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. 2015 Mar 17;11:10.
doi: 10.1186/s12993-015-0057-9.

Association Between 5q23.2-located Polymorphism of CTXN3 Gene (Cortexin 3) and Schizophrenia in European-Caucasian Males; Implications for the Aetiology of Schizophrenia

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Association Between 5q23.2-located Polymorphism of CTXN3 Gene (Cortexin 3) and Schizophrenia in European-Caucasian Males; Implications for the Aetiology of Schizophrenia

Omar Šerý et al. Behav Brain Funct. .
Free PMC article


Background: The objective of the study was to examine several polymorphisms in DISC1 and CTNX3 genes as possible risk factors in schizophrenia. DISC1 (disrupted-in-schizophrenia 1) has been studied extensively in relation to mental disease while CTXN3, has only recently emerged as a potential "candidate" gene in schizophrenia. CTXN3 resides in a genomic region (5q21-34) known to be associated with schizophrenia and encodes a protein cortexin 3 which is highly enriched in brain.

Methods: We used ethnically homogeneous samples of 175 male patients and 184 male control subjects. All patients were interviewed by two similarly qualified psychiatrists. Controls were interviewed by one of the authors (O.S.). Genotyping was performed, following amplification by polymerase chain reaction (PCR), using fragment analysis in a standard commercial setting (Applied Biosystems, USA).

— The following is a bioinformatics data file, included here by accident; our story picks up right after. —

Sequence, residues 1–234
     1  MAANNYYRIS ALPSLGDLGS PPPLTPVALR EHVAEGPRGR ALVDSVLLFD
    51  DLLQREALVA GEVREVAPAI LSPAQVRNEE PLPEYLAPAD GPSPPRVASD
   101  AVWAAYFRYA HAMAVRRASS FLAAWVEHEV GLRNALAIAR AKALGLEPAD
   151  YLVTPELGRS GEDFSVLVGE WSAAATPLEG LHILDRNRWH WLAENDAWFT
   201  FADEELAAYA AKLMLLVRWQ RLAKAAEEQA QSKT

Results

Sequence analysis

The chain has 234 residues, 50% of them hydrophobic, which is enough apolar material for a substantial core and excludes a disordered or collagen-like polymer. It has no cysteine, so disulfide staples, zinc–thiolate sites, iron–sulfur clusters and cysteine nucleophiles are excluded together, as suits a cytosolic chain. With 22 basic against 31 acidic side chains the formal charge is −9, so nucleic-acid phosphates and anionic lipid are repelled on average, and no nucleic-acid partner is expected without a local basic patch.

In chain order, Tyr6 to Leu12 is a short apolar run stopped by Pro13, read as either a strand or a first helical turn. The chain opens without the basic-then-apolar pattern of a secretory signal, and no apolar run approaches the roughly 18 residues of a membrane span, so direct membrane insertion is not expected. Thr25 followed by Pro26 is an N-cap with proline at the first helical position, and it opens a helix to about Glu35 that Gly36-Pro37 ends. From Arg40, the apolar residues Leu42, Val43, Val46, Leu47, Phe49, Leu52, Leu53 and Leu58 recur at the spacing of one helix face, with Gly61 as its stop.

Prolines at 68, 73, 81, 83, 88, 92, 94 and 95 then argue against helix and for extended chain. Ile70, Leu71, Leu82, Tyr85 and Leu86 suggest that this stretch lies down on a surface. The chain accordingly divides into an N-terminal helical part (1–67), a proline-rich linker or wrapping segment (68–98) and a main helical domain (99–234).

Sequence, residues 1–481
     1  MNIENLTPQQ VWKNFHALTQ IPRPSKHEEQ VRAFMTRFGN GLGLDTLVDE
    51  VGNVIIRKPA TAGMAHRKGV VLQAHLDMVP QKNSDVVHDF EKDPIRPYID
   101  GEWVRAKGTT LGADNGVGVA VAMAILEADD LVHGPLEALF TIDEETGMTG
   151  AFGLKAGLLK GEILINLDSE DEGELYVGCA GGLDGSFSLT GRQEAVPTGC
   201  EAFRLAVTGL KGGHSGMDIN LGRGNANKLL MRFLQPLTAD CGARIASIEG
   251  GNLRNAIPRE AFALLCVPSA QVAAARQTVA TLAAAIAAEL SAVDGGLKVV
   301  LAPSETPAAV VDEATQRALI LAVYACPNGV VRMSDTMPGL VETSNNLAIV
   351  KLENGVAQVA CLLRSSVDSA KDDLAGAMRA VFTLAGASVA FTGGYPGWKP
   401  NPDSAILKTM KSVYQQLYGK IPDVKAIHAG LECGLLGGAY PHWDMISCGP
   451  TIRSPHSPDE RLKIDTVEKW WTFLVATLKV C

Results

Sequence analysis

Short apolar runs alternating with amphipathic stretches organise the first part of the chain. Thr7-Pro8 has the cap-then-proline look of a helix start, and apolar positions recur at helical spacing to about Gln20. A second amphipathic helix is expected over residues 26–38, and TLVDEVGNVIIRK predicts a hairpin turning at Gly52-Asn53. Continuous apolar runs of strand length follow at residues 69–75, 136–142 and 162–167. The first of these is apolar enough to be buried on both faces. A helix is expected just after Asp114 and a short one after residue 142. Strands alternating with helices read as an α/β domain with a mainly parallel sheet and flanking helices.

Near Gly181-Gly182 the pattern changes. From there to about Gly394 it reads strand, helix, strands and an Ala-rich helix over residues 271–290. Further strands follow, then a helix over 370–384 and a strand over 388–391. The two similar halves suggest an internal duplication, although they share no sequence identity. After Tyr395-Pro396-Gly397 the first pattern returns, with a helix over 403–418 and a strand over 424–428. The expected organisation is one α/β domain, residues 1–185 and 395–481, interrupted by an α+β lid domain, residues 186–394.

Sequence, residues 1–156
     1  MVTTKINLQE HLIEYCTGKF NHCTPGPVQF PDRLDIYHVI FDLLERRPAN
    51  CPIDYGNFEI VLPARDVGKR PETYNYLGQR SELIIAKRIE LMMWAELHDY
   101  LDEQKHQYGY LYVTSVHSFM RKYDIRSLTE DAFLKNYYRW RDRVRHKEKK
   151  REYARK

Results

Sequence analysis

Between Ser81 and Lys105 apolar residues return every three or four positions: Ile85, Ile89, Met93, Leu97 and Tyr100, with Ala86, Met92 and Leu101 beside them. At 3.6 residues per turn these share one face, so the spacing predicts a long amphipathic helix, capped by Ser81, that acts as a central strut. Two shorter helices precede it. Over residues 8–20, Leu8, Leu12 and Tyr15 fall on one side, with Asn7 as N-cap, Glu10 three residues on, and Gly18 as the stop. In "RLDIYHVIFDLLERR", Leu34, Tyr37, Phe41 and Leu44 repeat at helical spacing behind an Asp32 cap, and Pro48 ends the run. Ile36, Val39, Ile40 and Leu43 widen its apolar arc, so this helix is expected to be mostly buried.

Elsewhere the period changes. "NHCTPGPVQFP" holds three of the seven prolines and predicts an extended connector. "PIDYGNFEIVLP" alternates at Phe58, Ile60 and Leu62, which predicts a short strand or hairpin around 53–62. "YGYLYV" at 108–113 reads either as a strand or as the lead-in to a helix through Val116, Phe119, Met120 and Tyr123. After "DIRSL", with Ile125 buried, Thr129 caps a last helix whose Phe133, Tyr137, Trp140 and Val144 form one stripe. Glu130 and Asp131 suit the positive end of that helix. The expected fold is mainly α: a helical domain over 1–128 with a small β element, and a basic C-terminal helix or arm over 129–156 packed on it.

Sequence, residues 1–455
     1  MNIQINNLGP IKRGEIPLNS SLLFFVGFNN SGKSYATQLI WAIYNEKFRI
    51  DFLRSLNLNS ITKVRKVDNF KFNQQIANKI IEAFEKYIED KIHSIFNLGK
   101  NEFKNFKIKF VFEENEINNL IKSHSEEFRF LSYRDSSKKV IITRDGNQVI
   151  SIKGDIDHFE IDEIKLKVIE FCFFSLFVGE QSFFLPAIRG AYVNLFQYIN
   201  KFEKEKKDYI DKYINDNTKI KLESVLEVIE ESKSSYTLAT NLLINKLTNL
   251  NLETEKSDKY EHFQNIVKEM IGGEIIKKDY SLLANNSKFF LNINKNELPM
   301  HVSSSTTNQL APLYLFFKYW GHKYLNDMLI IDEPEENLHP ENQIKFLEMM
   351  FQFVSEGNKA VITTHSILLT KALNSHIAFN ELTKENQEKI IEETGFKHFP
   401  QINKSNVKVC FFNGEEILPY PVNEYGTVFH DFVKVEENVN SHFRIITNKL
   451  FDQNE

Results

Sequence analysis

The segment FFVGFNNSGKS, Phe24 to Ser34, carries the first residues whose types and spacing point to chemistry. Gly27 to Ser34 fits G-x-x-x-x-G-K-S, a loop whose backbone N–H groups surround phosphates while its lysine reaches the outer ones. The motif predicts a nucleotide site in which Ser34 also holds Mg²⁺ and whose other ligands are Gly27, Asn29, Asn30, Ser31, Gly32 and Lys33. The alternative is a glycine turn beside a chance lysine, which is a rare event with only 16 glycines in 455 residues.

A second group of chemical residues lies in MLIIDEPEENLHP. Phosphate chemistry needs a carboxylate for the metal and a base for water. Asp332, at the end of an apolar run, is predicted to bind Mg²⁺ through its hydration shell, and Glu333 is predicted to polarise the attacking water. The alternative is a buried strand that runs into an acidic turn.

Results: We have found a statistically significant association between rs6595788 polymorphism of CTXN3 gene and the risk of schizophrenia; the presence of AG genotype increased the risk 1.5-fold. Polymorphisms in DISC1 gene showed only marginally statistically significant association with schizophrenia (rs17817356) or no association whatsoever (rs821597 and rs980989) while two polymorphisms (rs9661837 and rs3737597) were found to be only slightly polymorphic in the samples.

Conclusion: Evidence available in the literature suggests that altered expression of cortexin 3, either alone, or in parallel with changes in DISC1, could subtly perturb GABAergic neurotransmission and/or metabolism of amyloid precursor protein (APP) in developing brain, thus potentially exposing the affected individual to an increased risk of schizophrenia later in life.

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